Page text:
In Galapagos, the most feared aquatic species, the sharks, are being marked with chips, within a process to identify its habitats within the marine reserve of the Ecuadorian archipelago, where they are protected and have been identified 33 species, several of them endangered.
“We want to know what are the breeding areas of the main species of sharks,” told to the news agency AFP, Eduardo Espinoza, who is responsible for the marine research of the Galapagos National Park (GNP).
Espinoza added that they are determining the sites where sharks live their early stages, as it prepares to place microchips to juvenile sharks in order to track the animals in the marine reserve of the island region – 138 000 km2, the second largest in the world.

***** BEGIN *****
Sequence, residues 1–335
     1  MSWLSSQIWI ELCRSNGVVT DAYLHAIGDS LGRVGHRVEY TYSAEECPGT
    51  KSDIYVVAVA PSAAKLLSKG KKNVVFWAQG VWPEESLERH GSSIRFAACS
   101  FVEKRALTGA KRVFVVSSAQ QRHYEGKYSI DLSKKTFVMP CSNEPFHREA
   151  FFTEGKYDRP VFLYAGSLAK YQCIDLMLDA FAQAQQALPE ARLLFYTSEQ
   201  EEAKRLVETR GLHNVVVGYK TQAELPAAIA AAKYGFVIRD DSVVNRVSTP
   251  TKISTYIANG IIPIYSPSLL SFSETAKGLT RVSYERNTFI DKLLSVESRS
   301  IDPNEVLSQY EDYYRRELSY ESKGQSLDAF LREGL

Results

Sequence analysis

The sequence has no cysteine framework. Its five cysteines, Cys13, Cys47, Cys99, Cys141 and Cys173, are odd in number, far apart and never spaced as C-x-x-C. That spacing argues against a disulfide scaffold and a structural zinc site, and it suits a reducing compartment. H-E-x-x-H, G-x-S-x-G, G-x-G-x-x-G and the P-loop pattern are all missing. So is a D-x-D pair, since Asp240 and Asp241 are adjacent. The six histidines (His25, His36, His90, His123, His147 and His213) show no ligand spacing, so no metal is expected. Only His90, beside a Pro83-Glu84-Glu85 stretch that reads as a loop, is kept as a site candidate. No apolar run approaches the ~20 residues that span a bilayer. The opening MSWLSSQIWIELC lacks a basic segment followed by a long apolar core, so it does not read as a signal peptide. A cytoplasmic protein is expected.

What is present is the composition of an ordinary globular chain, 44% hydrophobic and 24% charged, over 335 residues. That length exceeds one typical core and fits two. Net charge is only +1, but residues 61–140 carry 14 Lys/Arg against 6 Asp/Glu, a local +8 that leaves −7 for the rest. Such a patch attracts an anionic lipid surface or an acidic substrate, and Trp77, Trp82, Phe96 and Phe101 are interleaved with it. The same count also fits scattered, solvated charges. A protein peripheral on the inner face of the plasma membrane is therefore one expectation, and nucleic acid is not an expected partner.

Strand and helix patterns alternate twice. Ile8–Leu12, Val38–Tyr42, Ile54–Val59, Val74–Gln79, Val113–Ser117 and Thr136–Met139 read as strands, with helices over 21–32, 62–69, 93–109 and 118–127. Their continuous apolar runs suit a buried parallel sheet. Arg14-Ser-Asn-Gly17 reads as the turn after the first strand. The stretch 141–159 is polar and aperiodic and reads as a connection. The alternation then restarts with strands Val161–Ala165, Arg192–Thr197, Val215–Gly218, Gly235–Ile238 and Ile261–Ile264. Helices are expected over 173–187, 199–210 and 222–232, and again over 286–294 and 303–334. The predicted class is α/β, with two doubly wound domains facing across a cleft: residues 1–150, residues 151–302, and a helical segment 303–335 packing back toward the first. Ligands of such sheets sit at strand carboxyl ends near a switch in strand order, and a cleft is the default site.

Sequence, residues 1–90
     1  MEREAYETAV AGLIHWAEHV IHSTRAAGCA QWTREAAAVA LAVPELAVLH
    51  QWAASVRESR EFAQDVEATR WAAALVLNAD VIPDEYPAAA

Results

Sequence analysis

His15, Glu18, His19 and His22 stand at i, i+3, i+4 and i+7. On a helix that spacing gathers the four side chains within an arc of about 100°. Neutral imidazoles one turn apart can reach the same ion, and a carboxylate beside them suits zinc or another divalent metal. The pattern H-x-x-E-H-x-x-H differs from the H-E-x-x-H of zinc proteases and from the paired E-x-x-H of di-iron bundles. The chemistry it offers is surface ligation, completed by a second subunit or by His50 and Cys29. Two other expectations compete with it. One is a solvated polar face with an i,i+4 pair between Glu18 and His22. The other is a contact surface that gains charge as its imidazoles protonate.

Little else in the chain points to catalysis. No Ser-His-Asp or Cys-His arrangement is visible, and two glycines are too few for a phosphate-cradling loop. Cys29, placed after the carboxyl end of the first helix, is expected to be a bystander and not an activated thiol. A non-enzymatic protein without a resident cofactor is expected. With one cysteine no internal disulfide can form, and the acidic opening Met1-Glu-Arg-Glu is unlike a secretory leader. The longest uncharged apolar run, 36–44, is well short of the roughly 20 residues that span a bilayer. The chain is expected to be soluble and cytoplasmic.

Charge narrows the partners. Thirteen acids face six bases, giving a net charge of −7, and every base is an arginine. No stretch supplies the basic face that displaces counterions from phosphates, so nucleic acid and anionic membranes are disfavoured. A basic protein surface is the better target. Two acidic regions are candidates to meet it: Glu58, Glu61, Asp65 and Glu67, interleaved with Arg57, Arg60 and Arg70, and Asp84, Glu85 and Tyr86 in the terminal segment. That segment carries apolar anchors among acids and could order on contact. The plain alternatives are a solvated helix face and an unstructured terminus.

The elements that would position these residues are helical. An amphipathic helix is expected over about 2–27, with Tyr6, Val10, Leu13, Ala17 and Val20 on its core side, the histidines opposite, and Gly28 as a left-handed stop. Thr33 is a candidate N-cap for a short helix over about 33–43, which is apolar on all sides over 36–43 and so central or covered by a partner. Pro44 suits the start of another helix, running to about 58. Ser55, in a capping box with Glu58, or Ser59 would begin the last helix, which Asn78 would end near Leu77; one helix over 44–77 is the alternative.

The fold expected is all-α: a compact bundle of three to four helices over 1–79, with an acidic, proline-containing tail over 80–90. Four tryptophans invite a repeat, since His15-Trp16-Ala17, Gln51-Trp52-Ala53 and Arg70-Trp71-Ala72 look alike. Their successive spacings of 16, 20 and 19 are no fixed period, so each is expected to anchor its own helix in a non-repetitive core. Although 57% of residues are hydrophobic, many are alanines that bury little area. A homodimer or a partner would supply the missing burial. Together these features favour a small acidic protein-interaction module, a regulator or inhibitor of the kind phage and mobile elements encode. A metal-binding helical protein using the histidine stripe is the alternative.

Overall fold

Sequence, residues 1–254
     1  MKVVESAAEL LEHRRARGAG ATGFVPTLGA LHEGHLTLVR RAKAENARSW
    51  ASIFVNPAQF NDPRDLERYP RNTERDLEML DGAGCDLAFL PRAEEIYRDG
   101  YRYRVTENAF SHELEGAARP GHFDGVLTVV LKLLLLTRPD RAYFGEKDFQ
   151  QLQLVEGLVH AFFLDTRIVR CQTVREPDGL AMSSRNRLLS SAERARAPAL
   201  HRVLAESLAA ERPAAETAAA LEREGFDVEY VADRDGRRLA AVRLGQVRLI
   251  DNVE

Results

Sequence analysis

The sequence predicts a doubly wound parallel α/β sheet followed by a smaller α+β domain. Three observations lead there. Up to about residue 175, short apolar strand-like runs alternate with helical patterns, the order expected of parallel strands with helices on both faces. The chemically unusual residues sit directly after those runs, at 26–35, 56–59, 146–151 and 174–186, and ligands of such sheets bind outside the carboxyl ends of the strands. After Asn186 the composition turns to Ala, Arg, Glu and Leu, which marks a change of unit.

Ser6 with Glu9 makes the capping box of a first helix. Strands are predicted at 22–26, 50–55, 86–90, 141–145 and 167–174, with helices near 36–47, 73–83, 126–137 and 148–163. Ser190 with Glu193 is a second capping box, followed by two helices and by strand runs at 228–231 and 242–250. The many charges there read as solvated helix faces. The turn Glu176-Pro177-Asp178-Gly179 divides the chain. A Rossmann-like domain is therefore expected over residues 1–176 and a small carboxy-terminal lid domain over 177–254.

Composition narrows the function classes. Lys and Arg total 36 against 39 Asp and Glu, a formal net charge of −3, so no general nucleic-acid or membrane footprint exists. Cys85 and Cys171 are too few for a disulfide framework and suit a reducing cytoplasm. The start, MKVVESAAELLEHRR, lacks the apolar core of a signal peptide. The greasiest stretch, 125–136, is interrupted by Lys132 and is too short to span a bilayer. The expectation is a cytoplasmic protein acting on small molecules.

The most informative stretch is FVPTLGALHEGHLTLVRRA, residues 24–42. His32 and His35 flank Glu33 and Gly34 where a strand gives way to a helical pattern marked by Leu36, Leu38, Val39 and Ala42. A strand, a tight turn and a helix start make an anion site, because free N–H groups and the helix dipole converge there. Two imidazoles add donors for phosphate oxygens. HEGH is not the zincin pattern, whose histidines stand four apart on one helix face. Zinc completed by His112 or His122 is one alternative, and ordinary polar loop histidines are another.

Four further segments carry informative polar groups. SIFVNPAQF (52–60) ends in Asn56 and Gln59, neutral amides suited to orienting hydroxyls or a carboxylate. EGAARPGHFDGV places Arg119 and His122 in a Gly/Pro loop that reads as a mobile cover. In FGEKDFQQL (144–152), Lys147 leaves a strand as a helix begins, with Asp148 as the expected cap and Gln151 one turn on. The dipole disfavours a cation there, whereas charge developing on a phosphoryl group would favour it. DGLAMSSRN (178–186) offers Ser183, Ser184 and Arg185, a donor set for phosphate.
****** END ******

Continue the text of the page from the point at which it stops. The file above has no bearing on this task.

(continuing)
The work, in which Brazilian biologist Talita Gomes-Vieira (volunteer in PNG) is participating, includes a sample of tissue from the fin of the shark for genetic studies and the introduction of the electronic circuit under the skin of the back, it takes just two minutes, then the shark is subjected to a process of “resuscitation” through movements that makes the water to circulate by the bronchi, before releasing it.
Sharks are highly migratory and pelagic animals, its presence in Galapagos Marine system, shows that the ecosystem is in good condition, indicates Espinoza.